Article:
Right now, our community cares about COVID-19. Students and faculty are sick, scared of getting sick or sick of the situation in general. And there’s no end in sight. Despite widespread symptoms of pandemic burnout, UF continues to implement a laissez-faire leadership style when it comes to the virus. UF leaders expect masks but won’t mandate them, online class alternatives are rarely offered and simple social distancing protocols in classrooms seem to be a thing of the past.
Before I left home for work on Monday, I received an email about an essay in The Independent Florida Alligator titled “UF African American Studies course title sparks controversy among students.” When I read the headline, I was surprised about the title, because when I agreed to the interview, I thought the article was going to highlight the goals and objectives of the AFA 4225 Blacks in Florida course. The Alligator has a right to publish essays on any topics, but this essay examines how the “Blacks in Florida” title reflects its historical context and why it's not a controversial title.
UF reached top 5 status in September. But as the semester progressed, our staff uncovered news beyond the university’s nagging pursuit of rank. Our reporters were busy covering the gaps in university’s decisions that made national headlines.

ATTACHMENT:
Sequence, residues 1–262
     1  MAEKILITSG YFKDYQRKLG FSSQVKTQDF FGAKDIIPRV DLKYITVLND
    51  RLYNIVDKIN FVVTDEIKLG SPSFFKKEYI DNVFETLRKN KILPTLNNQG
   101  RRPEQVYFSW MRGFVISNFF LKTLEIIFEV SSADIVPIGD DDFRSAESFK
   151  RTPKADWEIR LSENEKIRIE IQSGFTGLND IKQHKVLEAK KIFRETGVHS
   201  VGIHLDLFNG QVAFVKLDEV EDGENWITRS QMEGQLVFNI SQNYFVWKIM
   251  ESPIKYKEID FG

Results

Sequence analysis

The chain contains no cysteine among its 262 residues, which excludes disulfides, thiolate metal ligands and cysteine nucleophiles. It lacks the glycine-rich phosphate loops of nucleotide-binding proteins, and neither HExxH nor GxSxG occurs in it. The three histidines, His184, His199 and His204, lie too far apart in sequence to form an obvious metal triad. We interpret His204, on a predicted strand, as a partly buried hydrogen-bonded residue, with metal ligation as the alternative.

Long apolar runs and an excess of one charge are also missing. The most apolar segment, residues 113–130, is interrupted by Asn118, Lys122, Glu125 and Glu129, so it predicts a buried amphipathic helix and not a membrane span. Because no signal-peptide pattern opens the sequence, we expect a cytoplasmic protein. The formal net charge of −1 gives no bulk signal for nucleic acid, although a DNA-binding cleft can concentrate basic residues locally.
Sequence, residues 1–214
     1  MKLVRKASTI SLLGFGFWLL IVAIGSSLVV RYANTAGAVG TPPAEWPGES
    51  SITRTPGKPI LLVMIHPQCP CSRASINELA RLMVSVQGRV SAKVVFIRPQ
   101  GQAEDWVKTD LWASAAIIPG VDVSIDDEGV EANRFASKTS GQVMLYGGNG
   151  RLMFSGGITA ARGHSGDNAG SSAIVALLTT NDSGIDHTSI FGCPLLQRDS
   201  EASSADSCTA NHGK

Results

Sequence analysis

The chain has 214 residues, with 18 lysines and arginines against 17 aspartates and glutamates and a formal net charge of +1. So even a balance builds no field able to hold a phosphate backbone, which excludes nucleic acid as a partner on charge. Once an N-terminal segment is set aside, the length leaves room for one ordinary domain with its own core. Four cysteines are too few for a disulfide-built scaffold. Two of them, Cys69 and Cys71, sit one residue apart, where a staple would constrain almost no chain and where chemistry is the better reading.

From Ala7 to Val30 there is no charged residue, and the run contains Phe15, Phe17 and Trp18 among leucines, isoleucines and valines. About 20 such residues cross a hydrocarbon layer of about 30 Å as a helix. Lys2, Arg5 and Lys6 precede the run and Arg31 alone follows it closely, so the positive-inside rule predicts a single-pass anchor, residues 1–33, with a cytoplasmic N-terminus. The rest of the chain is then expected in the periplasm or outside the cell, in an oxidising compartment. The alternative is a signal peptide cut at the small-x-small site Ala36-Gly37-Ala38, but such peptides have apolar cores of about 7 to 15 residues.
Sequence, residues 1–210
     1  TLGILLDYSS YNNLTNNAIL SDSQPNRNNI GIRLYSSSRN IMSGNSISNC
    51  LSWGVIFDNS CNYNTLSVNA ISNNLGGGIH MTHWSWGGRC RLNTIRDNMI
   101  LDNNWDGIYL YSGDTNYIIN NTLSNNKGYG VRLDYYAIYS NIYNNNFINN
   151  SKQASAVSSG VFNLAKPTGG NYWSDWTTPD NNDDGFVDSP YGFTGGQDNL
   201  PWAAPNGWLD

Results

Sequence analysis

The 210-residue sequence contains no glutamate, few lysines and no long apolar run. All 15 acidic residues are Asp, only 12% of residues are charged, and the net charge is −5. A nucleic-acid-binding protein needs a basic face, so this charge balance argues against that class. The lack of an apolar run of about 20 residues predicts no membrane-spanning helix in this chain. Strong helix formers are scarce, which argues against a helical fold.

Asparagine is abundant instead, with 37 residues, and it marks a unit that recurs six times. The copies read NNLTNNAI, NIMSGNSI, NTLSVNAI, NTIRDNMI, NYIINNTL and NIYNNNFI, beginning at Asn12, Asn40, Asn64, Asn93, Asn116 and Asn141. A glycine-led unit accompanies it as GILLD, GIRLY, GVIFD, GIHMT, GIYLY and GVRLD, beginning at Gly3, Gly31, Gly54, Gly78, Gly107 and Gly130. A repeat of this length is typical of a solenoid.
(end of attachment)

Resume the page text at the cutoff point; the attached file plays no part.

These final, hustling weeks of Fall are among my favorite times on campus. We return refreshed by Thanksgiving break, ready to finish the semester strong and looking forward to the celebrations ahead — from graduation to the holidays and New Year.
UF President Kent Fuchs, Provost Joe Glover, Dean Michael Perri and Dean Colleen Koch should resign immediately. Dan Mullen’s team giving up 52 points to Samford made for an unpleasant few hours, but the actions of Fuchs, Glover, Perri and Koch have permanently damaged the university’s reputation and abdicated its mission.
It is often said that if elections are when voters choose their politicians, then redistricting is when politicians choose their voters.
Abigail Hasebroock is a UF journalism junior and a frustrated Federal Work Study student.
Sierra Jones is a former Belmont University basketball player.
Feb. 9, 2022 will be UF’s Day of Gratitude, with an overarching theme of reflecting on UF’s core values. Our core values include excellence, discovery and innovation, inclusion, freedom and civility, community and stewardship.
Seeing the video of Gabby Petito in the backseat of a police car absolutely broke my heart, and it should break yours, too. Not just for Gabby’s family, but for all the women in America who have sat in that exact same seat.